In light of these pressures, Harrison predicted “a rapidly evolving powertrain mix” in Europe up to 2030, with an increasing share of various types of EVs plus a diminishing volume of diesel engines, given new awareness of their negative effects on health and the environment. He predicted that diesels would be phased out by 2035 or 2040.

“What is expected from the OEMs is too quick. They are talking about the next five or ten years [to switch to EVs]” – Pál Négyesi, CEAuto

Achieving this transformation will undoubtedly be a struggle for the industry, and many OEMs are currently selling EVs at cost price or even at a loss, in what Harrison called a “desperate attempt to get sales flowing to reduce their overall emissions”.

Some of the pressure faced by OEMs will be passed on to other players in the supply chain, he noted, including suppliers, which will be required to produce better technologies to help OEMs to meet their targets, and finished vehicle logistics providers, which must adjust to transporting EVs that are typically heavier than conventional vehicles.

Sustainability in supply chains
As Harrison pointed out, although the bulk of the emissions being produced come from vehicles on the roads, 18% is attributable to the supply chain, and several speakers at the conference emphasised the need to scrutinise the whole chain from end to end to find ways to improve sustainability. Yet, similar to the push towards EVs, while there is increasing acknowledgement of corporate responsibility, much of the momentum in supply chain sustainability is coming from legislation.

Jens Riemann, DSV Solutions

Jens Riemann of DSV Solutions said there was little pressure on logistics providers from clients with regard to sustainability

Jens Riemann, director of automotive global business development at DSV Solutions, admitted that there was not much pressure on logistics providers from their customers with regard to sustainability improvements; in general, the focus was on costs. A recent contract win for DSV in which the differentiator was the use of biodiesel was “a rarity”, he said. Riemann urged OEMs and suppliers to level the playing field for logistics providers offering sustainable solutions so that they had a better chance of winning tenders.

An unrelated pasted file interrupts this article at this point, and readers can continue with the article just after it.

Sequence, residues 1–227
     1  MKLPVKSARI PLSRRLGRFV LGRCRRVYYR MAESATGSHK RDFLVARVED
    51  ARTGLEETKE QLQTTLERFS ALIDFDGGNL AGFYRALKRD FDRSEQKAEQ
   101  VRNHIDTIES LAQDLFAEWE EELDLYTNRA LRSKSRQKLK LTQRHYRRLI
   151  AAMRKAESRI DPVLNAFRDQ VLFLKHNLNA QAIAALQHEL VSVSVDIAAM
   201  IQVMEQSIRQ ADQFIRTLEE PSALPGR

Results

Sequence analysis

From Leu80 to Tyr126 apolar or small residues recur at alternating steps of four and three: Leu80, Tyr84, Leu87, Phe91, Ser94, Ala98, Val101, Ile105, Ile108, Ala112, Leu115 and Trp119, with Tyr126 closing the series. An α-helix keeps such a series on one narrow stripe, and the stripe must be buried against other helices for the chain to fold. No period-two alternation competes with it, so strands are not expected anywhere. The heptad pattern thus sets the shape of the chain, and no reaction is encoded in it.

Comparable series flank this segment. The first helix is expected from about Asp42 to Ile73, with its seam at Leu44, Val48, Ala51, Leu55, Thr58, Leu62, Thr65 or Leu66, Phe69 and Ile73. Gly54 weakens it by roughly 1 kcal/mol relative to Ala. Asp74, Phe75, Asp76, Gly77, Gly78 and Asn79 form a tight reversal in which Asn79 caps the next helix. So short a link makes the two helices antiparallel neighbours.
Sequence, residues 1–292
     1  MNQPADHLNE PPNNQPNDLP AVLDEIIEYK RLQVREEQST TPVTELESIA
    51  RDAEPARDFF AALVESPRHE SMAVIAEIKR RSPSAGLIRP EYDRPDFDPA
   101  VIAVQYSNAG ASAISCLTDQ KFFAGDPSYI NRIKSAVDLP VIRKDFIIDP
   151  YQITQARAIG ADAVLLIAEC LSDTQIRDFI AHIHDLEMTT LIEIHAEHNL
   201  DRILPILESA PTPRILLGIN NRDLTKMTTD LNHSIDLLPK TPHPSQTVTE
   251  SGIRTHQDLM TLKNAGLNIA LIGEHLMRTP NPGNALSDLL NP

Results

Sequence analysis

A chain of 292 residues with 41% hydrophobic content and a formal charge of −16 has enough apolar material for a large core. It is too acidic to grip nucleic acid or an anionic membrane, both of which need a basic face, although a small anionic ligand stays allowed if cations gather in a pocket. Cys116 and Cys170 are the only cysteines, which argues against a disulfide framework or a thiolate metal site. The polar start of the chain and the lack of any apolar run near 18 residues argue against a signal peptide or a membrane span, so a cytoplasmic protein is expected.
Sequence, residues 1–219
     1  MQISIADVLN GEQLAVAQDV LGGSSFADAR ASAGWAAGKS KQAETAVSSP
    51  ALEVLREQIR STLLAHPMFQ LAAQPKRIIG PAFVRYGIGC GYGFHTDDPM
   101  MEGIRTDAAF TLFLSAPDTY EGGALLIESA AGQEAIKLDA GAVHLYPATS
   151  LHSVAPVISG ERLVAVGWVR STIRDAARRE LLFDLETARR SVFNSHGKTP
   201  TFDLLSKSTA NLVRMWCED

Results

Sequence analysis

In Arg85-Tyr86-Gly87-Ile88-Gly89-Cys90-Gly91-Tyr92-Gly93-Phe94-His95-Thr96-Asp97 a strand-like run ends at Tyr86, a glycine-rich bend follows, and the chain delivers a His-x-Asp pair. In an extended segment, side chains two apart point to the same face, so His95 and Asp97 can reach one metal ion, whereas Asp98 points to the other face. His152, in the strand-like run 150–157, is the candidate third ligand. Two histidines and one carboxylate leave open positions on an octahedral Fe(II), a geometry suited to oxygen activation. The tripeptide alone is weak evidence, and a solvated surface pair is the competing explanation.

Sanjiv Takyar, head of innovation, solutioning and strategic marketing, Europe at Chep Automotive and Industrial Solutions, said that the company had devised a zero-waste concept around a European Commission plan to achieve carbon neutrality in Europe by 2050. This incorporates three main strands: eliminating waste, including from packaging; eradicating empty transport miles; and cutting out inefficiencies through smarter supply chains.

Takyar highlighted empty transport miles, especially for intercontinental movements, as “the major low-hanging fruit” that could be tackled, including through collaboration. He said that Chep had already helped customers to avoid 40m empty miles and more than 53,000 tonnes of CO2, while saving millions of euros.

“We still mostly consume resource from our planet, we produce something with it, we use it and then we dispose of it” – Sanjiv Takyar, Chep

He pointed out that although 2050 seems like a long way off, it is in fact the span of only a few vehicle generations. Takyar said that achieving carbon neutrality would require significant investments in new, low-carbon technology, renewable energy, energy efficiency and infrastructure. Furthermore, he argued that it will be necessary to move from a linear way of doing business to a circular economy in which waste is turned into new products that match the quality of the originals.

Going round in circles
The vast majority of the world, Takyar said, still operates according to the linear model, although there have been increasing efforts to reuse and recycle plastics. “We still mostly consume resource from our planet, we produce something with it, we use it and then we dispose of it,” Takyar said. What he described as the “regenerative approach” of the circular model minimises the use of new resource and eliminates the creation of waste, pollution and emissions.

Sanjiv Takyar, Chep

Sanjiv Takyar of Chep argued that business in general needs to move from a linear to a circular economy to minimise waste

While the benefits are clear in theory, the question becomes how to achieve this in reality. Takyar suggested that it was important to consider the sustainability agenda throughout the whole process, from design inception, through production to the end-of-life scenario. “If we ensure that the infrastructure we build today has a strong sustainability agenda, if we think about that now, from the outset, we will deliver the benefits for many years to come.”

He pointed out that, along with the shift towards EVs, the automotive industry was already undergoing other major changes which feed into this concept, including the transition from products to services. He named Uber and Zipcar as “examples of businesses that not only address the requirements of the current generation but deliver a successful business model around the concept of share and reuse”.